June 13, 2019 8:59 pm at 8:59 pm #1742364
Debating wether to get a BTL or more mainstream pre-law degree, any experience? Do you know if a BTL helps or hurts?June 14, 2019 10:18 am at 10:18 am #1742456
BTL is generally worthless in the secular worldJune 14, 2019 11:58 am at 11:58 am #1742515June 14, 2019 1:41 pm at 1:41 pm #1742585
“BTL is generally worthless in the secular world”
I have no idea what this line is supposed to mean. I suspect it is gibberish,.
“Do you know if a BTL helps or hurts?”
compared to what?
are you asking if you take the same grades but compare a BTL to a “more mainstream pre-law degree,” Then obviously the BTL hurts. (Do yo uhave a hava amina otherwise?)
On the other hand are yo u asking if a BTL helps compared to nothing or a diploma you type up on microsoft word , then obviosuly it helps and people HAVE gone to Law schools ( even prestigious ones) with a BTLJune 14, 2019 3:39 pm at 3:39 pm #1742605
There are no formal requirements for admission to law school. If you have a BTL, an interesting resume and a good background for pre-law (writing skills in English, a respectable background in history/social sciences), and good LSAT scores, a BTL should get you into an American law school (it also helps to be able to pay the $150K or so tuition without financial aid).
If the school offering the BTL has regional accreditation, it is worth as much as any other degree that is of little relevance to the graduate program you are going to. One can always supplement a BTL by taking courses to improve one’s “resume”.June 16, 2019 12:33 am at 12:33 am #1742747
@zahavasdad Completely false. Some law schools that are frequented by frum men may take issue with a BTL because they’ve seen so many of them, but for the most part it’s an excellent way to skip a huge chunk of undergrad requirements. Many graduate schools will accept a student with a BTL and a few required courses.June 16, 2019 9:32 am at 9:32 am #1742815
If you are not looking to attend a top tier law school, it doesn’t really matter what undergraduate degree you get and who issues it as long as the institution is accredited. Your LSAT and possibly an interview will make the entrance decision.
Currently, there are loads of empty seats at American non-top tier law schools. Being an attorney is not what it used to be in terms of income, advancement, etc. It has changed drastically in the past 30 years.
I have hired associates who have BTLs, pre-law degrees (whatever that really means) and a BS in IT. I am more interested in where they attended law school, where they interned, what courses they took in law school (and grades earned) AND that they have passed the state Bar Exam. Except for my children and spouses, I do not hire anyone who has not passed the Bar Exam and is licensed.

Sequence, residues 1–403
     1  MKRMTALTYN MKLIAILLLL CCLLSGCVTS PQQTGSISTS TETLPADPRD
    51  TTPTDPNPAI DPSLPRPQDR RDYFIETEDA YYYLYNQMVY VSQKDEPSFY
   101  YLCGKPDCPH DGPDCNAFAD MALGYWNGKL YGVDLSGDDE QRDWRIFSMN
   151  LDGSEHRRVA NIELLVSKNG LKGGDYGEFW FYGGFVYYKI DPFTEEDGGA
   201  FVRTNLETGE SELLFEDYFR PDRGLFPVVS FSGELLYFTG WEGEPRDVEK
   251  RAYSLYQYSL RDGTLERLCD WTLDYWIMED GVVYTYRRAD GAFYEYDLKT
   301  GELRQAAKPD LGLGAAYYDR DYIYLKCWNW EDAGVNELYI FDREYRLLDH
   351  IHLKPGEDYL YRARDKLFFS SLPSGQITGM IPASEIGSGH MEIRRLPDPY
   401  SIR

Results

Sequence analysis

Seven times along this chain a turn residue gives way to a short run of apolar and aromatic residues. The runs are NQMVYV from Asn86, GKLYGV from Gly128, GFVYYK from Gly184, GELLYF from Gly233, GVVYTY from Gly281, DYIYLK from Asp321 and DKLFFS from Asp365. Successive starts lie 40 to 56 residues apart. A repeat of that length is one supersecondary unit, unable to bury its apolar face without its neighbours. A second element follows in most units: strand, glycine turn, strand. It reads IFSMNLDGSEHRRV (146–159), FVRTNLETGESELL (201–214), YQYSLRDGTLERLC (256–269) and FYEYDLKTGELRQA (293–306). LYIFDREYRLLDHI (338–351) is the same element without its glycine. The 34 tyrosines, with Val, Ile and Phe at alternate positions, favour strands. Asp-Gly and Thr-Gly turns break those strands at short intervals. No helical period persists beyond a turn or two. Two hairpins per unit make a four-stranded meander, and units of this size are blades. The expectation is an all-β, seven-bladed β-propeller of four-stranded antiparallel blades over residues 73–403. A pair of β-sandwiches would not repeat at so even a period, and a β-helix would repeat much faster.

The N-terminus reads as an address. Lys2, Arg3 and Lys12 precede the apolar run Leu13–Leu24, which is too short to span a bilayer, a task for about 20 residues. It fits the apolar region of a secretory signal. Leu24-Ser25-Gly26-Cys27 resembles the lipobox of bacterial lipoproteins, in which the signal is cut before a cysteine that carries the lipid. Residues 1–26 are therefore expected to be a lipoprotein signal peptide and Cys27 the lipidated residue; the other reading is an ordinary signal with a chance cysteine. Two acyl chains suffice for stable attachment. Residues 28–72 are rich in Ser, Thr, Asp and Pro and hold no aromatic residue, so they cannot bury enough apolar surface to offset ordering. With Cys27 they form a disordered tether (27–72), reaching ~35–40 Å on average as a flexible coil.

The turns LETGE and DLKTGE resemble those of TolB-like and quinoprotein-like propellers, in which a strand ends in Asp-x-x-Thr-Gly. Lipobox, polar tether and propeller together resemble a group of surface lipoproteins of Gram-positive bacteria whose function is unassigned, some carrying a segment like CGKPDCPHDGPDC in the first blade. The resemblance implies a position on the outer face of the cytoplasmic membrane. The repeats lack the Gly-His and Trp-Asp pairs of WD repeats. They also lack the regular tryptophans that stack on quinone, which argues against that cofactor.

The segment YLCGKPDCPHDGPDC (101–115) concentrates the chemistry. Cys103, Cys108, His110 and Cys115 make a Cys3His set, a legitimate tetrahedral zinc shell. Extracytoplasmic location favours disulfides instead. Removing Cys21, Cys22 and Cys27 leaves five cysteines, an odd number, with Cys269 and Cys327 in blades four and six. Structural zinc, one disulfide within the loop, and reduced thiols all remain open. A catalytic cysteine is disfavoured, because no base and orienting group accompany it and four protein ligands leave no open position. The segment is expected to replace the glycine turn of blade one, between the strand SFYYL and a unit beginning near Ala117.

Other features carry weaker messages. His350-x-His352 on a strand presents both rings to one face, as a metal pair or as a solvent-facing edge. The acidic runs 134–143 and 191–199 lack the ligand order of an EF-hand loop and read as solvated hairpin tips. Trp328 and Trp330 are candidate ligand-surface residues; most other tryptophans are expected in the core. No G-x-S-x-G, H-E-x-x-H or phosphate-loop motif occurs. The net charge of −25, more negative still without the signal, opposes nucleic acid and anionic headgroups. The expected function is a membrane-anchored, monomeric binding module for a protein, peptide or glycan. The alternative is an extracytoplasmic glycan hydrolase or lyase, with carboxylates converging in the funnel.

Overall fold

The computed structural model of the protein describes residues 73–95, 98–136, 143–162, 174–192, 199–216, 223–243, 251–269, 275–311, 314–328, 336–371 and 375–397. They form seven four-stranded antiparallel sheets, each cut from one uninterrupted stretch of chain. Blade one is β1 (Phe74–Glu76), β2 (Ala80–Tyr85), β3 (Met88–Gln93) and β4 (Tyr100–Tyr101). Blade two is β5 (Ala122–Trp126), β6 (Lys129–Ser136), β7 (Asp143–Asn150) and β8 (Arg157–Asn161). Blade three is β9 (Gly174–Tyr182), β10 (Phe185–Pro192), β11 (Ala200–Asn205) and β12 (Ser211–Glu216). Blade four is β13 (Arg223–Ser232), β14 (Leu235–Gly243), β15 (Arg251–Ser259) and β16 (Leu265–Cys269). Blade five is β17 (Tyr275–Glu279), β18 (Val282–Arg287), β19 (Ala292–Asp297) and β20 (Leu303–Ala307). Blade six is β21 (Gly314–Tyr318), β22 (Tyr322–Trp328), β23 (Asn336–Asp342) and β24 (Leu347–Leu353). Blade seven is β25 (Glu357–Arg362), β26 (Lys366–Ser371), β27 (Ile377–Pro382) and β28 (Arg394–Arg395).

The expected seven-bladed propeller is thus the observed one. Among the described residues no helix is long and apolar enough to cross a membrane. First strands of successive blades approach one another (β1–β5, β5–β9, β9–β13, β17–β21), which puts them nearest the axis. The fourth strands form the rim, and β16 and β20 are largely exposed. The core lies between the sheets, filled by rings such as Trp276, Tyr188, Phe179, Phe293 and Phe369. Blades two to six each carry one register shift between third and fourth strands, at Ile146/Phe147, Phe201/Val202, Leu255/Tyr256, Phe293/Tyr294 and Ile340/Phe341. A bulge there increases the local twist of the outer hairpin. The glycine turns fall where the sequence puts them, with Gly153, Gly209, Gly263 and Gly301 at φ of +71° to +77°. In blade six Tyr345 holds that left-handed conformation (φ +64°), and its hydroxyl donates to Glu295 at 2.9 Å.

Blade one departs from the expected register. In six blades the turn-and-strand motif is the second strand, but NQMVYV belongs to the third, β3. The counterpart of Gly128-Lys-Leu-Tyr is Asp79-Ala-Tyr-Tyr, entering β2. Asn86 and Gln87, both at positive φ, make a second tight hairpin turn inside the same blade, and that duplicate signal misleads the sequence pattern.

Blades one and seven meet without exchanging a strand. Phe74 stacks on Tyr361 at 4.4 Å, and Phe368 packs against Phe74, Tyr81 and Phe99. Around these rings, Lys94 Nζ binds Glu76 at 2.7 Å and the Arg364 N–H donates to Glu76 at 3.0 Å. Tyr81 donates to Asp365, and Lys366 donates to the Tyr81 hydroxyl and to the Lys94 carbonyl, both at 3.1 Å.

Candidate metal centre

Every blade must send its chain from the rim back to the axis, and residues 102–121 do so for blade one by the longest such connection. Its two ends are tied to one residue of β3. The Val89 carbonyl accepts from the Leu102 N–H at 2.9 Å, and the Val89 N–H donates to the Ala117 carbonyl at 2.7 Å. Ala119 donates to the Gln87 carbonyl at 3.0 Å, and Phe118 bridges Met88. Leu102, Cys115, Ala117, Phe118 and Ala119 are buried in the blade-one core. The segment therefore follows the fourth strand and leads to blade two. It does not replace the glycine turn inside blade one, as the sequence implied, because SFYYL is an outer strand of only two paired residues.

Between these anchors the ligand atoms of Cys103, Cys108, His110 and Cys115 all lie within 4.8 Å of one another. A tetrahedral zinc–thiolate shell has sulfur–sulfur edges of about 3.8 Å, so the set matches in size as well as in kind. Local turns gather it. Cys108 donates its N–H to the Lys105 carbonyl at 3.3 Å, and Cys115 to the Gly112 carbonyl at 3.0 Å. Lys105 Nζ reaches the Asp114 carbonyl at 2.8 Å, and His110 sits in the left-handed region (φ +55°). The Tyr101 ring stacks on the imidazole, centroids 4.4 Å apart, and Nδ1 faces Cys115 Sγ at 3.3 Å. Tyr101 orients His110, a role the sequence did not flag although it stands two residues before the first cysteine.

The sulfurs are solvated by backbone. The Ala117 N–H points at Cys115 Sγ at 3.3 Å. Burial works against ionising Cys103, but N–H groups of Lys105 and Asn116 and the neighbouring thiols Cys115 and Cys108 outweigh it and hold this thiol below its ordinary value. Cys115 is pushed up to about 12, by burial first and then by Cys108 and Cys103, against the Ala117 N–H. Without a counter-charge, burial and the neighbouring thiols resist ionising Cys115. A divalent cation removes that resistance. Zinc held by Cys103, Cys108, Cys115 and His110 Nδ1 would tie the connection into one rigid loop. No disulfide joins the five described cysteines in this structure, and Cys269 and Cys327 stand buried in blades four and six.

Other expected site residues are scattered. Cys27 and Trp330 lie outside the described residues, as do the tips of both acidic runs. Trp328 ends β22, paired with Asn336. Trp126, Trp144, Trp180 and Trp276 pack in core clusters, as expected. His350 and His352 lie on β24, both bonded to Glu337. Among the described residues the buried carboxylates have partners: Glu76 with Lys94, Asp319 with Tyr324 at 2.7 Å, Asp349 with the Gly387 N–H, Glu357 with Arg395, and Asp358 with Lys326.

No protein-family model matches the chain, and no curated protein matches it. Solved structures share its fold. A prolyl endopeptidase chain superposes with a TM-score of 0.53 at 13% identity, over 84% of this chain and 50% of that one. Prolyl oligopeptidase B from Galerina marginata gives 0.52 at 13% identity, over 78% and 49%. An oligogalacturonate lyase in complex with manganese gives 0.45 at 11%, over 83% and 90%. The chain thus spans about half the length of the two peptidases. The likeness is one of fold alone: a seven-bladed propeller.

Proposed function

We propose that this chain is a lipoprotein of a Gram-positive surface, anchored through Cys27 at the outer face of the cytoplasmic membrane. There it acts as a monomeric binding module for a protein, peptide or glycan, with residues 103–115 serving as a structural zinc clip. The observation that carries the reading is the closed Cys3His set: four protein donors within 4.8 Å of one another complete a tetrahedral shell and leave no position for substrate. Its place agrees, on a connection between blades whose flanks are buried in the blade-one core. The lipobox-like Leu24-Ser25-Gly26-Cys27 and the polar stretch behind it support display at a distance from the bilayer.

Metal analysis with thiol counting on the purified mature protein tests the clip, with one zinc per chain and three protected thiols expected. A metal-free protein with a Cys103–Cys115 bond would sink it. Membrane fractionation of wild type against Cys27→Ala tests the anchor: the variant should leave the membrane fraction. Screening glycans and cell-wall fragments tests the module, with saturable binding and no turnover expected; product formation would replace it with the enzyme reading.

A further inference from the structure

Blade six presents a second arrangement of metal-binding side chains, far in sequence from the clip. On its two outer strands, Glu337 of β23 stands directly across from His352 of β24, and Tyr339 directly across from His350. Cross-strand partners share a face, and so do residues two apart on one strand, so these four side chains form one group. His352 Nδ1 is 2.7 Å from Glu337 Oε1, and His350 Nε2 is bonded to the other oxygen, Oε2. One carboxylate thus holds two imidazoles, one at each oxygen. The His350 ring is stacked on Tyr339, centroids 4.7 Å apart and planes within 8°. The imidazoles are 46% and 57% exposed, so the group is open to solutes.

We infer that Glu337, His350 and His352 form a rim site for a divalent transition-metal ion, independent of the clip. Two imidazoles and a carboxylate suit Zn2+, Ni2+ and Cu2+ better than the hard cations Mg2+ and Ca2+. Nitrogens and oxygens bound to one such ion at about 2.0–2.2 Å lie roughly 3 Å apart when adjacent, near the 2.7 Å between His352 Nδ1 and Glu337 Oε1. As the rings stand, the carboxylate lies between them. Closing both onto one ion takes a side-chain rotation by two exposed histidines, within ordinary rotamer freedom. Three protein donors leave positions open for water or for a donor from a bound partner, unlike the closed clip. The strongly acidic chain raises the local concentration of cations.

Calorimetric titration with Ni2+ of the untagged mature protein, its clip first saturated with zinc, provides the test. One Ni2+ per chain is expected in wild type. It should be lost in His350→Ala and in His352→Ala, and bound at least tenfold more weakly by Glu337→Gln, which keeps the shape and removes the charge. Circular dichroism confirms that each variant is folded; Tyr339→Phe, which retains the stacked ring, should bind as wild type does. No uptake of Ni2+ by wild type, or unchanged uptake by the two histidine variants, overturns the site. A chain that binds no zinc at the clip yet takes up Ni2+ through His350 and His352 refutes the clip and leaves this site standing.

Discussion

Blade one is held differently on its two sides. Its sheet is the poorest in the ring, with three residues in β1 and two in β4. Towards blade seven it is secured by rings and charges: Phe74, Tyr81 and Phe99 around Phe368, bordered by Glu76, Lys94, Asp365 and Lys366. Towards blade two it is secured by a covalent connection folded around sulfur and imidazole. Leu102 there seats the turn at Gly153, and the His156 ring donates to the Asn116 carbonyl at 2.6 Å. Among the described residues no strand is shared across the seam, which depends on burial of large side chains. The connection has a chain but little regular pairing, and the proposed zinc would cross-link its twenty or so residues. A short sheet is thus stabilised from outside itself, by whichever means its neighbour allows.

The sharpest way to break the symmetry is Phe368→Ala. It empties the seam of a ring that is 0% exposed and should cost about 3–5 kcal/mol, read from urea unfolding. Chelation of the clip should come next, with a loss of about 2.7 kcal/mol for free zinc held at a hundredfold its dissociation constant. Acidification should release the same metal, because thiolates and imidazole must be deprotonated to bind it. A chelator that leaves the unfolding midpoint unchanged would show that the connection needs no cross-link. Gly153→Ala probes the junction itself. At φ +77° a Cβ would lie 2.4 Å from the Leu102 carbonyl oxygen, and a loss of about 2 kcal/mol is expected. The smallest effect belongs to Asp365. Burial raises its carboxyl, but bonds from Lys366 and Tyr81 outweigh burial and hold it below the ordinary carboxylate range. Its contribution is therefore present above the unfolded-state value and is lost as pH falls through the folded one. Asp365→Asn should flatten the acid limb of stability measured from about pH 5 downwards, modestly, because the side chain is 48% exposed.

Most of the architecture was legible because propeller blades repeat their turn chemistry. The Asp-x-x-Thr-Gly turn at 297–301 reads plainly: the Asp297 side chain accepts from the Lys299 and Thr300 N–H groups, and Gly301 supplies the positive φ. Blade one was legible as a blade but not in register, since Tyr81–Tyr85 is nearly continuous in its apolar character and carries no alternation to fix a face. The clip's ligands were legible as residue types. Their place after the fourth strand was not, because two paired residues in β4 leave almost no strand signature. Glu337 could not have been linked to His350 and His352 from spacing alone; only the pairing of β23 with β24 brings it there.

If you expect to earn a paycheck while studying for the Bar Exam and learning on the job, best bet is to start with a government agency (DA, etc) who uses tax dollars to underwrite your cost,June 16, 2019 10:32 am at 10:32 am #1742944
Don’t do pre-law undergrad. Maybe you see yourself in tax law. Then do an undergrad in accounting e.g. If you do well on the LSAT you can get into a good law school. But, you need good discipline for that. Do you actually want to practice law or do you want to do it for the money?June 16, 2019 2:10 pm at 2:10 pm #1743014
@ctlawyer, would having a BTL in place of a different degree affect my odds of getting intoa school like NYU or columbia? It doesn’t really seem worthwhile to attend law school unless it’s one of the 2.June 16, 2019 3:11 pm at 3:11 pm #1743059
“would having a BTL in place of a different degree affect my odds of getting intoa school like NYU or columbia? ”
Asked and answered .
Are you really asking if a BTL is equal to a real degree?June 16, 2019 6:07 pm at 6:07 pm #1743120
It doesn’t seem worthwile to attend Law School unless it’s NYU or Columbia???????????????????
University of Chicago #4
I wouldn’t count on getting into most of these with a BTL, although it has been done occasionally.
NYU get a real degree
NY Law, BTL should be fine.
Where are you going to practice? For a white shoe goyische firm or Wall Street firm? They’ll want a real college diploma hanging on your office wall besides your JD and Bar Certificate
Some small private firm that does wills, estates, personal injury and real estate closings…they won’t care
Government it doesn’t matter.
I and all my children and their spouses are products of Ivy League universities and law schools. and YES, the old boy (and now girl) network does help land business. Many a trust client has found us by looking in the alumni directory for a Penn, Harvard or Yale Alum practicing in our area.June 16, 2019 9:07 pm at 9:07 pm #1743139
What CTL is saying is its not what you know, it’s who you know. Ultimately, your interview skills are key to getting good jobs.June 17, 2019 9:33 am at 9:33 am #1743308
@lakewhut I want to practice corporate law, the combination of law and business is right up my alleyJune 17, 2019 9:33 am at 9:33 am #1743296
@ctlawyer, I picked those 2 because I want to stay one NY city, the others are included in that groupJune 17, 2019 9:52 am at 9:52 am #1743275
If you know people and are planning on getting a job through the frum, heimish hiring system in an NY community, then you don’t need to worry about having an Ivy league degree. If you don’t know anyone and you’re just planning on applying to job opening online, you’ll have a bad day probably either way.June 17, 2019 10:35 am at 10:35 am #1743383
You will have to score higher on the LSAT with a BTL. No idea if it is true, but when I was applying to lawschool around 15 years ago, rumor was NYU does not accept BTLs. You can get an FDU degree in a short period (not exactly sure, but think it’s 6 months or a year) through online courses. However, I do not know if laws schools view this better than a BTL. Once in a law school, what school you are in is more important than your undergrad degree, and most firms will take people with BTLs.June 17, 2019 11:08 am at 11:08 am #1743413
Please don’t put words in my mouth.